. . . → Read More: Smooth Wall

eHome -- are you home?

Alright, this is bullshit.

I bought an eHome wireless NIC a while ago for really cheap. Haven't heard of eHome? Neither had I, but it didn't take me long to realize that it was actually part of D-Link Corporation when I sent my rebates to a DLink corporate address, and when I read the message: "Copyright © D-Link Corporation/D-Link Systems, Inc. All rights reserved. eHome Networking and the eHome Networking logo are registered trademarks of D-Link Corporation or its subsidiaries in the United States and other countries..."

So, I figured: D-Link is a popular company, they're not going anywhere, they sell tons of devices, so my chipset is probably well supported in Linux, right? Wrong.

Michael Altfield

Hi, I’m Michael Altfield. I write articles about opsec, privacy, and devops ➡

About Michael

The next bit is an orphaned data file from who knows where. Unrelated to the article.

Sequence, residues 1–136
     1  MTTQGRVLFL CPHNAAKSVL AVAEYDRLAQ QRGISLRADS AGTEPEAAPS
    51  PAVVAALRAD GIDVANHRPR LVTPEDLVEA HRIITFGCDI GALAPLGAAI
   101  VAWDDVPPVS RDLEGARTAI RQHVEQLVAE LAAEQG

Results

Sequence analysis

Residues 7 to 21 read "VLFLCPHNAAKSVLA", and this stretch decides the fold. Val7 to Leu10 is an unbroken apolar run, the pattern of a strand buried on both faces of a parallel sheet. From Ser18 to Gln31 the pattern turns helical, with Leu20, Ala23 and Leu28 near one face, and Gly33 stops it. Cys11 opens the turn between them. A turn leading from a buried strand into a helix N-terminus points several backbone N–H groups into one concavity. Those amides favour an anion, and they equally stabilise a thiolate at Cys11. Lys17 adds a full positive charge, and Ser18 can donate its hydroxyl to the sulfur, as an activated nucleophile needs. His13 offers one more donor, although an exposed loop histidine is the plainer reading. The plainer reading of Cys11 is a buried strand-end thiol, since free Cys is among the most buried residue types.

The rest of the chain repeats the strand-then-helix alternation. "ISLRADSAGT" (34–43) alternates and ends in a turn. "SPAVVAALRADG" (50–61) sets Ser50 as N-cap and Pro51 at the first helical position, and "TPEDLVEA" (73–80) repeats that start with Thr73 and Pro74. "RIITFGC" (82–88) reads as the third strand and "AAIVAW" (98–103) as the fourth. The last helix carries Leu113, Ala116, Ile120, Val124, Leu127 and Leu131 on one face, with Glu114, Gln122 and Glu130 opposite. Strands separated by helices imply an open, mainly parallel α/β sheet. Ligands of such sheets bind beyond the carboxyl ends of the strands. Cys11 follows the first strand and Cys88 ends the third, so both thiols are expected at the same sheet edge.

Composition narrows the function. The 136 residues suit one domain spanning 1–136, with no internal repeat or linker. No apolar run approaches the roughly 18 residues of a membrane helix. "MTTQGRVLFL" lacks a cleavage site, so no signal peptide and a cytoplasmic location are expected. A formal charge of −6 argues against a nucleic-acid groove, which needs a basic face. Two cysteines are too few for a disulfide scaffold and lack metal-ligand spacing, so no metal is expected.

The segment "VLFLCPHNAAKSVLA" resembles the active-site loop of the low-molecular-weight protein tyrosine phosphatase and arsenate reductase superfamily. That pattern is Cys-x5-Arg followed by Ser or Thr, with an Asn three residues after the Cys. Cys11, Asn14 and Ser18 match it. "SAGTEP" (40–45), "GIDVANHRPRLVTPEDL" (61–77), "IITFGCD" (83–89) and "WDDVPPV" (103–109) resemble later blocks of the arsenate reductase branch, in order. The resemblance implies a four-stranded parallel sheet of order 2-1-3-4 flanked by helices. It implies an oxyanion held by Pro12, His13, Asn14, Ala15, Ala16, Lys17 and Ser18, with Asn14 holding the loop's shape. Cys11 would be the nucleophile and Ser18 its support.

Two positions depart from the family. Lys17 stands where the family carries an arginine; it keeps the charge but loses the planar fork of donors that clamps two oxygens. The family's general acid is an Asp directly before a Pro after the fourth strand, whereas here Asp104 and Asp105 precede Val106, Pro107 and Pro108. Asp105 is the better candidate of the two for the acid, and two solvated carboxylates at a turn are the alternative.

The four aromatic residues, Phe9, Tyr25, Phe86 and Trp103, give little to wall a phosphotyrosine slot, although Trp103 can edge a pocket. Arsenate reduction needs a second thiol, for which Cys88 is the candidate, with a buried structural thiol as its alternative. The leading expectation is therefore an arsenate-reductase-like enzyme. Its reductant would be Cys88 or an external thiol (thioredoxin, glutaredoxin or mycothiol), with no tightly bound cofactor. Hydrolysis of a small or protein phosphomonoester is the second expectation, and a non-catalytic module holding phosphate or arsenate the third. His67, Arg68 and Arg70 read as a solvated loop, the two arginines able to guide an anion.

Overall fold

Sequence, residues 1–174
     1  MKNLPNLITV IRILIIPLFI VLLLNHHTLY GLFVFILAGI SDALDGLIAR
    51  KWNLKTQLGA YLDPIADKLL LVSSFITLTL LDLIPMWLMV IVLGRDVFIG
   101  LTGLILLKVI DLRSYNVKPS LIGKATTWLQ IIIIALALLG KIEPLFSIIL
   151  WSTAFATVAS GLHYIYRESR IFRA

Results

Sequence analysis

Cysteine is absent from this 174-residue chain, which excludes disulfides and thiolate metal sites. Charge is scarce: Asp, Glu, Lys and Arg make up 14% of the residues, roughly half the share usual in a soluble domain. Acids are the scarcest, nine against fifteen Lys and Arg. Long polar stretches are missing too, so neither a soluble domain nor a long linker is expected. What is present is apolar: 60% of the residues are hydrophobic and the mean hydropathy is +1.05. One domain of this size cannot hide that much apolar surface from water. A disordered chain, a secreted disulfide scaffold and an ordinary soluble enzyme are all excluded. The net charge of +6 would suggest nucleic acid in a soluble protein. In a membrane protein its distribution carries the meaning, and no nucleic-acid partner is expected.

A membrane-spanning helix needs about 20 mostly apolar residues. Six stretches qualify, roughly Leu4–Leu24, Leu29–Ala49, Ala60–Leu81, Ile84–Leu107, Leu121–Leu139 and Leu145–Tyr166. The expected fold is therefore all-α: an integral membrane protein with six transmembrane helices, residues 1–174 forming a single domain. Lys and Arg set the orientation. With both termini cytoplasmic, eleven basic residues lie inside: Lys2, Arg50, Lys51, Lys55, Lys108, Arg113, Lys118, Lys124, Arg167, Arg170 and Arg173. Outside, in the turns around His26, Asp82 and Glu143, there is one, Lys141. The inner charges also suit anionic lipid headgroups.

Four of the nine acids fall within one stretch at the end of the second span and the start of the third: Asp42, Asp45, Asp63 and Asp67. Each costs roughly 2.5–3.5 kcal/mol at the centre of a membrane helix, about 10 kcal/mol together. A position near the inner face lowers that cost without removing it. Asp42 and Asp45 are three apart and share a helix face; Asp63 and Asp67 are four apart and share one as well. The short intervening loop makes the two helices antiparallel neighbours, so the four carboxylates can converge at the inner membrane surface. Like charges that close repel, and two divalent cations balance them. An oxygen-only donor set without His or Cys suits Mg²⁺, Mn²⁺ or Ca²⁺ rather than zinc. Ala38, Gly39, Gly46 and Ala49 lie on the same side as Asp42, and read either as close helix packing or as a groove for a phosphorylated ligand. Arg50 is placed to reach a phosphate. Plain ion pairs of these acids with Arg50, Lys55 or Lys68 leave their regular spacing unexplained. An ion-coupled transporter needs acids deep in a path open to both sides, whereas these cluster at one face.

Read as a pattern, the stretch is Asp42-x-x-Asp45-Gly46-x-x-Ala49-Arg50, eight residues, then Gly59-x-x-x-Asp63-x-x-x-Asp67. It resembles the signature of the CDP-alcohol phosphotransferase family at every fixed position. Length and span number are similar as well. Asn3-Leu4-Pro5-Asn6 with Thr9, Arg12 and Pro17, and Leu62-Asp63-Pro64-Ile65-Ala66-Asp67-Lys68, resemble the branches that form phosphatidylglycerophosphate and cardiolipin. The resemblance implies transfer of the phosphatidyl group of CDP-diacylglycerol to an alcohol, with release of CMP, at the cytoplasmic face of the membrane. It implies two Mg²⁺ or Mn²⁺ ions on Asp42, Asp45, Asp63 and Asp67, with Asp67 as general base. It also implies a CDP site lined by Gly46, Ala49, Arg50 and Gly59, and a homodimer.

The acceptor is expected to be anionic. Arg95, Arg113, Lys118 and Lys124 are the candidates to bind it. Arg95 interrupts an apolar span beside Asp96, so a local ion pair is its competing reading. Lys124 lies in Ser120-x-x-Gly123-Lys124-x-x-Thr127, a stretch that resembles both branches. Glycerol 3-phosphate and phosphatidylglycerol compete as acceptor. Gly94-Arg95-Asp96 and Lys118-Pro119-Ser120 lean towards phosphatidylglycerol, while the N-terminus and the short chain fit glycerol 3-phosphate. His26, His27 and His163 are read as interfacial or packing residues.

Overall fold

. . . → Read More: eHome -- are you home?

ext3 journal recovery

Every now and then, linux crashes (and consequently, hell feels a little cold). I'm not sure how to diagnose the issue, but I'm almost certain it's a result of some unstable openGL screensaver, some faulty X app, or basically anything but hardened command-line driven applications (which is simply to say: linux is perfectly stable without a GUI).

Anyway, even fewer times than a crash occurs, I sometimes cannot boot my system following the crash due to a corrupt journal on my main, root partition. To fix it, I have to boot to a live-cd (typically my gentoo minimal install CD), and type one simple command that I have scrawled in huge writing, double boxed on a desk pad. I can't tell you how many times this little command has saved my life.